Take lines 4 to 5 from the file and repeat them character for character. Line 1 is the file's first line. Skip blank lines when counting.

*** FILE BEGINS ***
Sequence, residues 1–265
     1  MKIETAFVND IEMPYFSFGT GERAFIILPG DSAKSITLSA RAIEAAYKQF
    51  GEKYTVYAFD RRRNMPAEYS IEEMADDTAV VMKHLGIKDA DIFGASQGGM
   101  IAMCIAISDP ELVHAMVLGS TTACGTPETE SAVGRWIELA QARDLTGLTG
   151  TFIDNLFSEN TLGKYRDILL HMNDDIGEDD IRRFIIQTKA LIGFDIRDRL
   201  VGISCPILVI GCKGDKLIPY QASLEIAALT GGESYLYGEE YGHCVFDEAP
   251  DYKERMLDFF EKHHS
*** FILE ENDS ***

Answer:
   101  IAMCIAISDP ELVHAMVLGS TTACGTPETE SAVGRWIELA QARDLTGLTG
   151  TFIDNLFSEN TLGKYRDILL HMNDDIGEDD IRRFIIQTKA LIGFDIRDRL